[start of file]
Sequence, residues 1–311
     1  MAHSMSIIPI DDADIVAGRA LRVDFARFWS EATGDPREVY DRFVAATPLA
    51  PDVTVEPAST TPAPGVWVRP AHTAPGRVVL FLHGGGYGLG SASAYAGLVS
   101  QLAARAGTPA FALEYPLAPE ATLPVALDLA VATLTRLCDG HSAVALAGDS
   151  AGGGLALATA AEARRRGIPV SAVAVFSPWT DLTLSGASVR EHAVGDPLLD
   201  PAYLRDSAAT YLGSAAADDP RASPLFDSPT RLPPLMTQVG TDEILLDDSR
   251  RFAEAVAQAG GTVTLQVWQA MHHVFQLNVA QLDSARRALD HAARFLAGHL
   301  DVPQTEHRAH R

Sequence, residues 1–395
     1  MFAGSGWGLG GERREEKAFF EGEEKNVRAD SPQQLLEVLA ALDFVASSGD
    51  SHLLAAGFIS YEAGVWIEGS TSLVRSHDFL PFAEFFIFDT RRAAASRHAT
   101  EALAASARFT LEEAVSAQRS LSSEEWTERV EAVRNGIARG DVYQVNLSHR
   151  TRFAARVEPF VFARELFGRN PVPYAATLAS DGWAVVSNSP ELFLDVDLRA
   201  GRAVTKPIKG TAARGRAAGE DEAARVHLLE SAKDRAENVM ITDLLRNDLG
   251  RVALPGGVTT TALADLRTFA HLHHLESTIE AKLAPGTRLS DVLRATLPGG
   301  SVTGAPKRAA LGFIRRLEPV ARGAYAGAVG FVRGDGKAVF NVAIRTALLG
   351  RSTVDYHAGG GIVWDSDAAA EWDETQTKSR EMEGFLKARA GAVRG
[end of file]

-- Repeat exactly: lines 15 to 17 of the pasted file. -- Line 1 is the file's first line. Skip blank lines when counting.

   251  RVALPGGVTT TALADLRTFA HLHHLESTIE AKLAPGTRLS DVLRATLPGG
   301  SVTGAPKRAA LGFIRRLEPV ARGAYAGAVG FVRGDGKAVF NVAIRTALLG
   351  RSTVDYHAGG GIVWDSDAAA EWDETQTKSR EMEGFLKARA GAVRG